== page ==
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LOCAL JOTTINGS.

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LOCAL JOTTINGS. [BY PENDRAQON.] I regret very much that my advocacy of a clear half-holidav for tho hairdressers' assistants of Cardiff has failed. In my simplicity of heart I thought they were as much entitled to the boon as those engaged in other businesses, and although I have been unsuccessful, I cannot conscientiously say I have encountered any reasons to induce me to change my mind. A man convinced against r his will is of the same opinion still," and I still labour under the impression that I espoused a good Z, cause. The great bulk of the hairdressers were quite willing to make the concession, if it can be called one, because they felt, I dare believe, as I do, that one's head or one's chin would not suffer materially for being untouched by the hands of the barber for a few hours. Two only of the hairdressers stood out, and the allega- tion of one of them is that the employes from other establishments could not be neglected for the sake of their congeners who use the scissors and the razor with so much dexterity. The hours of the latter are already sufficiently prolonged- from half-past eight in the morning until half- past eight at night is no joke, even for young fellows with robust physiques—and I do hope that the hangers-back will re-consider their determina- tion, as the other hairdressers do not feel inclined to close their places of business while the two indicated remain open. A Lover of Mercy," who tells me she is only a woman, and not in tho habit of writing to newspapers," complains of the over-loading of some of the vehicles which ply between Cardiff and Penarth, and describes a typical journey she made in one of these conveyances. She declares that more passengers were carried than were allowed by the regulations, with the result that the two horses which had to do the hauling were conside- rably distressed. She dwells with considerable bitterness on that part of the work which had to be done at the steep incline at Cogan, where the struggles of the animals were most painful to behold. Remonstrance only brought the retort from the little boy' who acted as conductor that 'it would take the fat off 'em, She con- eludes This is a strong letter, but if some of us did not open our mouths for the dumb creatures their voiceless wrongs might never reach pitying hearts." I do not single out any particular conveyance, but I must bear my testimony that the practice of over-loading in Cardiff has got to an almost un. endurable pitch. On Saturday nights this is especially the case, as anyone who takes the journey from, say, High-street to Canton and vice versa can bear testimony. The passengers are packed inside as close as herrings in a box and the conductors take no notice of the complaints except when they indulge in a little cheerful badinage at the expense of those who complain. I don't say that the omnibuses are worse than the 1 cars, or the cars greater sinners than the omni- buses. They all do it. It is six of one and half-a- dozen of the other, and I hope the managers will do something to stop a practice which bodes no good either to bipeds or quadrupeds. I do not like to appear selfish, but I certainly do object to being nearly suffocated because it pleases Messieurs the Conductors to put a dozen extra coppers into the coffers of their employers without the slightest consideration for the comfort and convenience of their fares. I wind up now, and hope I shall not have to recur to the subject, for a day or two at all events. I expect the minority of the Cardiff General Purposes Committee will "chortle in their joy" when I tell them that the Glamorgan Hunt Ball will not take place at Cardiff this year anyhow. It has been decided to postpone the event until the races and steeplechases early in the spring, and Cowbridge has been selected as the place in which the dancing shall take place. I hope, from the bottom of my soul, that all you tradesmen, inn- keepers, livery-stable keepers, and cabmen will send up a howl of execration which will not cease to reverberate until next November comes round again in the whirligig of time. By malice prepense you have been dished out of profitable business, and the only consolation you have is that it was not from any fault of your own, but from the deliberate action of those who profess to re- present you in the local Parliament. These narrow-minded nobodies now put the fault on the back of Mr. Birt St. A. Jenner, the hunt secretary, who is accused of discourtesy in not answering a certain letter. Was the letter sent, and by whom ? If the communication was an official one, and for- warded from the proper official quarter, there can be no difficulty in producing a copy. Where is it ? I am not concerned about Mr. Jenner—he must answer for himself, if he is in the mood to do so— but what I complain of is that the allega- tions of wanton damage and the reference to the mysterious letter were not made at the first meeting of the committee. It was an afterthought to be muchly utilised when the fogies and the feeble found the ratepayers of the town were down upon them like a thousand of bricks for diverting much-needed cash from the town into other channels. Supposing Mr. Jenner has not been so courteous as he ought to have been—I don't at all admit it as a fact—were the whole of the ladies and gentlemen connected with the Glamorgan Hunt to consider themselves tarred with the same brush? Well, I am not going to worry my internal economy out in the contemplation of what has happened. I hope the fogies and the feeble are proud of the part they have played in this matter, and that they will call a special meeting of the clan to celebrate their victory by singing— Come, let U3 be happy together, For where there's a will there's a way. Au revoir, ye myopes.—(See any common dic- tionary.) In answer to a flippant correspondent who signs himself "Mudsucker," and dates his com- munication from The Other Side of Styx," I can bear witness, from personal observation, that the Cardiff Corporation patent mud-maker. alias steam roller, alias" demon-crusher," is still actively engaged in its enlightened mission, and is likely to continue on the job till the crack of doom. The reason, I am assured, for keeping this costly and destructive piece of machinery in full employ is to save the pang which the local authorities would feel in having to discharge from their service two boys and a man who have always been honesi and faithful in the discharge of their duties, and the alarming distress which would immediately prevail among the shoeblack brigade of the town, who would be compelled to parade the streets singing the pitiful refrain, We've got no work to do, hoo hoo I always shake hands (in the spirit, of course) when I hear tell of an honest man. Isn't it Pope, in one of his epistles, who sings:- A wit's a feather, and a chief's a rod, An honest man's the noblest work of God? A glance up this column warns me I am in a poetic vein. Forgive me, kind readers, and I won't do it not no more-until the next time, which you and 1 hope may be far distant! What I want to record. after all this beating about the bush, is that a French gentleman who lives in Castle-road, Cardiff. has honoured me with a letter, in which he say- that a few days ago he gave a tramcar conductor what he believed to be a shilling and received the usual change; He afterwards missed a sovereign, and thought, perhaps, he had made a mistake in the car. He at once communicated with the obliging manager and heigh, presto! the sovereign came back to it rightful owner, it having been discovered in check- ing the accounts. Concludes Monsieur: "I writ" in order to publicly thank, through you, the tram- way company for their courtesy, and the con- ductor (Chamberlain) for his honesty." From Swansea writes Oyster "—I hope my cor- respondent will re-christen himself if he is going to address me again, as the very mention of the succulent bivalve always sets my mouth watering —in the following dulcet strains, and quoting a sentence which appeared in this columnDear 'Pendragon,'—Whilst thanking the manager of the Swansea Tramways Company, who is, as a rule, always willing to make the system under his con- trol as convenient and useful as possible,' for all small mercies granted to passengers, would you kindly ask him why the waiting-room at the St. Helen's Junction has been closed ? This junction is, I take it, one of the most popular and profitable positions on the system, joining, as it does, tht horse section to the steam, and the waiting-room there was a great boon (especially in wet weather) to passengers going to the Mumbles Last night I was returning to the Mumbles by the 8.30 tram, when, at the Junction, some six or a dozen ladies came in, literally drenched. There being no place to shelter in, they had to stand about in pelting rain until the tram came up This is really too bad. Perhaps a hint from you might mend matters."—1 have hinted, Oh! "Oyster"; and now close your shell and goto by-by. The following paragraphs have been sent along by an esteemed correspondent, and I give them as his opinions not my own:— The Corporation of Swansea on Monday decided by an absolute majority'—as required by Act of Parliament—to proceed with the Bill which seeks to abolish the bridge tolls and to construct a bridge over the Tawe at White Rock. Thirteen votes were required, but no less than fifteen were obtained. Considering the insuperable objections which may be taken to the course now adopted, it is postively marvellous how the majority was secured. The defects in the proposed arrangement were admitted by several of the speakers who subsequently voted for it. Messrs. Meager and Rawlings. for instance, will have some little difficulty in reconciling their votes with their expressed opinions, whilst Mr. Trew, whose vote being, as it were, in the balance, supported it only because he desired the subsequent sub- mission of the matter to the ratepayers. The defects in the Bill to which I have alluded are sufficiently obvious. In the first place, the construction of a new Tawe Bridge was to all appearances only thought of at the last moment, and without proper consideration in com- mittee, and this is all the more serious because the only scheme which is at present regarded as feasible will entail an expenditure of something like £25,000. To my mind, at all events, this is a sum not to be hastily spent. Then, with regard to the bridge tolls—the question is, where is the £4.000 of revenue which is proposed to be stopped to come from in the future? The bondholders will have to be paid for certain, or the trust become bank- rupt. The ratepayers will probably have to bear the burden in the end, for it cannot possibly be argued that the finances of the trust admit' of the abolition. In the meantime the ratepayers will be mulcted in the costs of an army of lawyers, who will suck more out of the bridge tolls in a short session than the trust have during several years. Mr. Yeo, the chairman of the trust, feels very deeply on the question, and he resented the attack upon the revenues of the trust with considerable bitter- ness. On the otrfer hand, the abolitionists are equally determined that the people shall be trampled upon no longer. I do not at present see the way clear to a compromise, but I think it will be the general desire of all sensible men that a settlement should be arrived at-even if it be in the Committee-room of the House-by which the public shall be freed from toll and the safety cf the finances of the trust at the same time satis- factorily guaranteed." A truly refreshing scene was to be witnessed at the Albert-hall, Swansea, on Monday, when many hundreds of poor children took tea together at the expense of a sympathising public. The hall actually overflowed with urchins of different ages, yet enough was found for all, and many whose stomachs were less accommodating than the dis- tributors of the good things bargained for found they had sufficient left in their parcels to provide those at home with a taste as well. It is gratifying to note in connection with this subject that at the happy season just past, when all were trying to make their money represent as much enjoyment to themselves as possible, the poor of Swansea, like those of most other towns, have not been alto- gether forgotten. Several instances have lately been given tending to show that sympathy is not altogether dead amongst us, and that the fires of British philanthropy are not paling before the tremendous rush of nineteenth century utilita- rianism. I feel bound to mention those I have heard of, so pray let me say my say. To begin with, Mrs. Vivian supplied the Work- house inmates with their usual Christmas dinner. The children of the Cottage Home were, I assure you, not left out when Christmas dainties were the subject of consideration before the guardians. In several parishes the necessitous poor have received marked attention, and a supply of clothing and food has been gratefully received in many a poverty-stricken household. Alderman Thomas, of Llan, I find, carried out his usual custom of providing the old women of Morriston with warm blankets for the winter season whilst a younger townsman, Mr. W. H. Edwards, on being supplied by the ministers of the eleven different places of worship in the same neighbourhood with the names of deserving persons, ensured each and all a good Christmas dinner in the shape of a substantial piece of beef. To come to my last instance, I must announce to my readers that a committee of ladies and gentlemen have been formed to establish a soup kitchen, and Mrs. Joseph Solomon, of Northampton, has undertaken the conduct of the institution, which is to be open twice a week from to-day. This latter scheme is one in which all can assist by the pur- chase and distribution of tickets. Funds are urgently necessary. Let them not be wanting now that a start has been made. An impudent beggar is my pet abomination. It is bad enough to be pestered, out of one's life almost, by pertinacious mendicants, but when they resort to threats and bad language if their demands tre not conceded my monkey gets up" in a moment. One of the tribe had to make an en- forced appearance at the Newport Police Court to- day. Whilst in drink he went into a public-house to beg, and because he did not succeed in his object he opened fire with his tongue upon the refusing individual and followed him out of the house, where he was in the act of opening fire with his fists if he had not been caught red- handed by a police-constable, who, singular to relate, happened to be on the scene just in the nick of time. A penalty of five shillings was imposed. It shouldliave been, your worships, unmitigated, inexorable chokey." Polite beggars, when bowled out, are almost invariably sent to gaol without the alternative of paying a fine; but abuse and violence, it seems, are a sort of mitiga- tion of vagrancy as it is regarded in the Mon- mouthshire borough. Supposing the fellow had only been charged with simple drunkenness, he would have had to pay no more. Mr. T. M. Price, M.E., of Neath, has just re- minded me that in most towns, except Neath, a subscription list has been opened in aid of the Mardy Explosion Fund. There are many persons in Neath who are desirous of contributing if a move were made in this direction. I am glad to find that in Cadoxton Church a collection has been made, and I trust the matter will not be overlooked at the various other churches and chapels in the town and district. I am sure the matter has quite escaped the attention of the worthy archdeacon, who is ever foremost in the furtherance of deserving objects. From Neath comes the following:—" Dear Pen- tagon,'—A gentleman of influence in the town a few days ago called my attention to the scanda- lous manner in which a pauper was treated by the 'powers that be.' She appeared to be extremely old and very weak. Yet, in the face of this, the poor soul was dragged to Aberavon Station with- out any conveyance, and in the same manner from Neath Station to the workhouse, a distance of nearly a mile. The unfortunate woman, he told me, was evidently suffering greatly, and he added that they did not even take a railway ticket for her. I could not help thinking how terribly true were the lines:— Rattle her bones ovpr the stones, She's only a pauper whom nobody owns." I have an unbounded respect and veneration for Home Secretaries generally. At least, I hope I have. I like some better than others, principally the latter. I do not, I trust, go into ecstacies over the hurly-burly sort, such, for instance, as the puffing-and-a-blowi^g Harcourt; but the present occupant of the office is my especial delight. I hope he will see these lines because he may per- chance feel in a good sort of a temper and listen xttentively to what I am going to reveal. The Glamorgan justices, in solemn conclave assembled, on Tuesday for the second time, agreed to augment rhe chief-constable's salary by £100. On the previous occasion when the amount was voted the then Home Secretary (I don't know whether it was the present) declined to sanction it, and so it came up again on Tuesday and was unanimously re-voted. We have an exceptionally good officer in Colonel Lindsay, and as he will only be getting what other gentlemen occupying his position receive if the addition is made to the salary, I shall not be friends with Sir Richard Cross—and if he had my card he would not like this to be said-if he does not concede a just reward to constant and meritorious service. More than one gentleman of means and position A the county of Glamorgan has been disappointed at not seeing his name included in the list of recently-selected county justices. One case in particular is entitled to sympathy. A gentleman well known for his successful colliery enterprise was approached some time ago by a local magnate, who intimated that a seat on the bench was to be obtained through his influence. But—there is always a but in these cases-the local magnate re- quired a loan of a few thousands-six thousand, I believe, was the exact amount. The local magnate always has been requiring loans since I knew him. Could he offer any security ? Why, certainly, the best of security-the policy of insurance on his own life. Well, the end of the matter was that the loan was effected. But the misguided lender has not yet been appointed a county beak, and I fear he never will. Who was it, you ask. Well, can't you guess? I should like to direct the special attention of my friends the colliers of South Wales and Mon- mouthshire to a piece of high-handed business in connection with one of the chiefs of the Liberal party which has so long and so pertinaciously thrown dust in their eyes. The constant cry of the Radicals has been Codlin's your man, not Short." Well, listen to this specimen of friendliness on the part of Lord Granville, the second in com- mand to Mr. Gladstone. On Monday the widow of a collier obtained in the County Court of Stoke-upon- Trent a verdict for JE150 against the noble (?) earl under the Employers' Liability Act, for the loss of her husband, who was killed in the mines; and the judge, referring to a charge brought by his lordship against the plaintiff's only witness for perjury, which is now pending, remarked that he considered the action most indecent. I don't sup- pose Earl Granville will care a fig for the opinion of anyone so insignificant as a County Court judge, but I do. He has founded his decision on the ovidence adduced before him.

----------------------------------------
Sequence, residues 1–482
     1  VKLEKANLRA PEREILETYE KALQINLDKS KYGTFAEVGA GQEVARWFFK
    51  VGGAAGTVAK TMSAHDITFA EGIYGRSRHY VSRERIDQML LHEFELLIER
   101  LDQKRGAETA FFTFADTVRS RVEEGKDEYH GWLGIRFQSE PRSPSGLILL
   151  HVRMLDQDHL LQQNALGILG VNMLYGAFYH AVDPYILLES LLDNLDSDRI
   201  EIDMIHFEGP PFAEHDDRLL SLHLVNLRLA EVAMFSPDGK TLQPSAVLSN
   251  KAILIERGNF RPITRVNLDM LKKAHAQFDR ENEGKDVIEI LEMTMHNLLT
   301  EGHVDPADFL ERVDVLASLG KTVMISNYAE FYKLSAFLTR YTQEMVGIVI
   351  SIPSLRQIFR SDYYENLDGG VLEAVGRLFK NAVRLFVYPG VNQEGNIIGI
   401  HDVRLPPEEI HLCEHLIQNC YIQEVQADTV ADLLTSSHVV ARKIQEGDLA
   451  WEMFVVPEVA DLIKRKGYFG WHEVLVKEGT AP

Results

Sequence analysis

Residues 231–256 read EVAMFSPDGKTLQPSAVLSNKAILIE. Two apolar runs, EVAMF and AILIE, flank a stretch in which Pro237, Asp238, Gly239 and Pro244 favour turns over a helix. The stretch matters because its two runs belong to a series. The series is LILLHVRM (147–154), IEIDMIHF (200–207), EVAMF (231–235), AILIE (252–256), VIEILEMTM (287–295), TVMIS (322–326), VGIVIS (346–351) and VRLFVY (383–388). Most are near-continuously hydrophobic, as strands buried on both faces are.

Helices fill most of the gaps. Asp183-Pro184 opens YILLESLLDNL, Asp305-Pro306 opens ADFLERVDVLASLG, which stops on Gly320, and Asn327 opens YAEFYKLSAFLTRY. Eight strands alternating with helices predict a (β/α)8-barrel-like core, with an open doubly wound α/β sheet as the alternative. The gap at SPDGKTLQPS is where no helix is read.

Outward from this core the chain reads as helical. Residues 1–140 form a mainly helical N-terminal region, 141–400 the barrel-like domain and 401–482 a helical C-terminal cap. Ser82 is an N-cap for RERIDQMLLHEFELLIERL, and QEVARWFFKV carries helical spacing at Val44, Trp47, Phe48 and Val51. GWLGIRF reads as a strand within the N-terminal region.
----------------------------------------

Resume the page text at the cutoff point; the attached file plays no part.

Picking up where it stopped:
JIR. CHILDERS AT EDINBURGH.